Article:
UW leaders: match Walker’s boldness with boldness

Governor Scott Walker

Governor Scott Walker

Gov. Scott Walker threw the fat in the fire in terms of public support for the University of Wisconsin System, and now he will sit back and watch from the presidential campaign trail as people who run and support the university try to figure out how to put the fire out.

For openers, what’s needed is more straight talk on his proposed $300 million in proposed cuts to the 2015-17 budget and the accompanying freer hand in running the 26-campus system. In no particular order, here are some the salient points for people grappling with the looming reductions:

  • Gov. Walker’s Modus Operandi – His signature MO is to hurl lightning bolts from the mountaintop. His Act 10 was the epitome of launching a major disruption to the established order of things. Almost no one saw that assault on public unions coming. He didn’t mention its possibility during his first campaign for governor. He has used the word “jolt” to describe his UW proposal for conversion to a public authority. The governor obviously believes that bold strokes, without a lot of input, are the best way to get around the entrenched interests that can grind such initiatives to a halt with endless debate and lobbying
  • The Presidential Campaign Rules – Everything Walker does from here on out will be played on two stages: Wisconsin and the nation. He would like to win the GOP primary among a dozen plus contenders, and that invariably means playing to the right wing of the party. Lightning “jolts” play well in the press here and nationally. The fallout from the disruptive policy moves will come well after the 2016 presidential elections.
  • State Fiscal Priorities Out of Kilter– Health care inflation, which neither party has addressed with effectiveness, is crowding out other state priorities, like university education. Just the increase in the Wisconsin Medicaid program in the 2015-2017 biennium will be more than $800 million, roughly half of the new money coming into state coffers. The $300 million in UW cuts is a direct result of that mismanagement of this federal-state program. In contrast, self-insured private companies have tamed that inflationary beast. With the will, it can be done.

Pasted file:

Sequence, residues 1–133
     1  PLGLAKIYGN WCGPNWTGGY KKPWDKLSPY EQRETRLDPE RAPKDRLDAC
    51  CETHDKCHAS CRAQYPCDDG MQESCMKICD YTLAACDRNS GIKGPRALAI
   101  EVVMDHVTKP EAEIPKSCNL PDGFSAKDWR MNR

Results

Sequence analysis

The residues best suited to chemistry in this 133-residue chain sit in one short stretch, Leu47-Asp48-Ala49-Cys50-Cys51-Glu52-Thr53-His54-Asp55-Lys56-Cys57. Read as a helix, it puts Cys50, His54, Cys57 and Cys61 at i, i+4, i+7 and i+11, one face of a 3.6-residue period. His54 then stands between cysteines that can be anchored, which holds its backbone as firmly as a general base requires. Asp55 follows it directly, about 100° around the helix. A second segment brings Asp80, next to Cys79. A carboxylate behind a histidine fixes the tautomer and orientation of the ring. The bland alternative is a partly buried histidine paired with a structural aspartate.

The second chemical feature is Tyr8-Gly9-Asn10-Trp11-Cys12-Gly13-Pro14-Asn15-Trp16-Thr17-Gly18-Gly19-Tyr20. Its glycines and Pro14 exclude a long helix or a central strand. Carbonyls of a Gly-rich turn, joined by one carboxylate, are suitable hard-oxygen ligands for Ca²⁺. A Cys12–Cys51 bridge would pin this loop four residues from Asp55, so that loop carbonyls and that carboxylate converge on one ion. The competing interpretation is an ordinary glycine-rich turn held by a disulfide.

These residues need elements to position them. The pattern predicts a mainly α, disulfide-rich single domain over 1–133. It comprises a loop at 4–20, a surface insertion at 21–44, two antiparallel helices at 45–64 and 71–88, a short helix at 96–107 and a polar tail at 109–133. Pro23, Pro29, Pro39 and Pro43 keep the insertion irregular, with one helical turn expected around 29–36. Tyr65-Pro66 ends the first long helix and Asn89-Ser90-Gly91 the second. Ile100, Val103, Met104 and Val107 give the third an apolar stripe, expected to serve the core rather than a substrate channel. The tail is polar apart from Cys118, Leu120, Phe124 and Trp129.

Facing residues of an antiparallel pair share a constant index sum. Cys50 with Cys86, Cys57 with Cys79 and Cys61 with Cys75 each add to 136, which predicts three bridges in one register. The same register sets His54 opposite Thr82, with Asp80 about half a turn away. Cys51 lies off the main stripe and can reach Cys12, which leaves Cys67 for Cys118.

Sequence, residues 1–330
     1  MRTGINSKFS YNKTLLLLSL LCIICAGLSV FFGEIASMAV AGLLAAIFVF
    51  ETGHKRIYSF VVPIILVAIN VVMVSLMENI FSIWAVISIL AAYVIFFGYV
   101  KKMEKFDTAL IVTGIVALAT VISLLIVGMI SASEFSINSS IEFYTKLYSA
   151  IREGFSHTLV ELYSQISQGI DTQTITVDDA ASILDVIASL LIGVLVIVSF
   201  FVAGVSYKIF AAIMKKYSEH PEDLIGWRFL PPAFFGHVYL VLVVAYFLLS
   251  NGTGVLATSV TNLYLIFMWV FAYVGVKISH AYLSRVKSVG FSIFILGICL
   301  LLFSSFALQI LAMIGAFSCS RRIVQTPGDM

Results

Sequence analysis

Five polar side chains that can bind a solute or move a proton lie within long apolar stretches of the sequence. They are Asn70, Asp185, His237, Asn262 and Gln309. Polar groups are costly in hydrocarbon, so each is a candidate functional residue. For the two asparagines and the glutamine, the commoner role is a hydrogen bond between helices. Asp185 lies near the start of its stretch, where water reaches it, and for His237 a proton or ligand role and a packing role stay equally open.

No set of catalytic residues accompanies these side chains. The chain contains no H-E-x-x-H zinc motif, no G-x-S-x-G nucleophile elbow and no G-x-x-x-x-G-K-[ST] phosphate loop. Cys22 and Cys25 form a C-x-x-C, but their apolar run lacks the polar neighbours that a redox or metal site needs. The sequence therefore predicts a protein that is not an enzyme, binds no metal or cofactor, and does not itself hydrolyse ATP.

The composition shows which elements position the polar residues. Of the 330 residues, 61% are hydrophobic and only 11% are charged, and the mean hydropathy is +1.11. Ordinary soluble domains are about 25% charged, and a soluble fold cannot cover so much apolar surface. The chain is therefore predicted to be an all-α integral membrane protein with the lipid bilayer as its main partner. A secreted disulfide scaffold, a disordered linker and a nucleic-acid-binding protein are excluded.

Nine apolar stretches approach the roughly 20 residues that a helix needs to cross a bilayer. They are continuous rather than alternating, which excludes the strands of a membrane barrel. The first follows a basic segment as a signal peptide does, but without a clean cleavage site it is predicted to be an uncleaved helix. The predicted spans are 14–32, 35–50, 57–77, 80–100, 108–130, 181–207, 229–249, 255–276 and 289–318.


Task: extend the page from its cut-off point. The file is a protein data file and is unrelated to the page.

• Cuts Means Fewer People, Positions – University spending is largely for staff. So, at the end of the day, cost reductions equate to position reductions. At the proposed cut of $150 million per year and $65,000 per year in employee pay and benefits, about 2300 positions will have to be cut if no new money is found. That’s about 7% of the UW’s 32,000 employees. About one-quarter is faculty.
  • New Dough, Cuts With the Least Pain – Assuming the cuts go through the legislature, there are places to find money that would have limited effect on the strategic mission of the university system. Cutting across the board is the chicken-hearted way out, and that is probably what is going to happen. UW – Milwaukee, which is in the heart of the state’s biggest poverty problems, should not be cut at all. It is trying to solve those problems. In contrast, Dane County is booming. The smart approaches, some noted in earlier blogs, are to find new revenue sources and to reduce non-strategic spending. Such as:
  • Revenue Side: Tap UW — Madison Foundations – With $6 billion in foundation assets and a typical 5% annual payout, those foundations could send another $100 million per year back to the system.
  • UW Extension: Mission Light – Once vital to the agricultural sector of the economy, today almost no one can articulate the mission of Extension. Its resources could be reassigned to the UW campuses to fill holes from cuts. Up to $50 million could be found.
  • Bloated Health Care Costs – As part of UW’s proposed new “flexibility,” campuses could be enabled to source their own health plans. If they were cut loose from the Employee Trust Funds at $17,000 per employee, 20-30% reductions could be had from UW’s half billion annual bill for health care. Again, the private sector has shown the way to consumer-driven plans, value-based purchasing and proactive primary care. It’s win-win: sharply lower costs; better health care.
  • End Minnesota Reciprocity – Wisconsin taxpayers are subsidizing 15,000 Minnesota students. It’s a one-sided deal, and the Minnesota students go home after graduation. Savings could be $15 million annually.
  • Cut Building Costs – UW System spends about $400 million per year on buildings and maintenance. Everyone agrees these costs could be cut. Bring in a team of seasoned real estate executives to help.
  • Regional Consolidation – UW President Ray Cross has talked about consolidating back-shop operations across his 26 campuses. It’s a good idea, but it is not going put a major dent in the $150 million reduction. It’s small ball. Bigger idea: consolidate campuses on a regional basis and take out whole administrative super-structures at the campuses. The system could operate with eight chancellors instead of 14.

The Walker cuts put university leaders in a hard-cheese bind. The cuts are only five months off, but most of the cost savings, with the exception of terminations, will take several years to realize. And tuition has been frozen until at least 2017.

To get out of that bind, the public servants at the top of the UW pyramid need to match the governor’s boldness, and then he needs to support them as they restructure.

If I were President Cross, I would, of course, consult decisive people within the system and inside the Madison beltway. But I would also pull in executives from across the state who have experience with strategic downsizing. Those experts know how to cut while losing minimal muscle.

Those executives have a big stake in seeing the university thrive as an engine of the economy, so, if asked, they would surely donate their time and talents.

This entry was posted in Business and Education. Bookmark the permalink.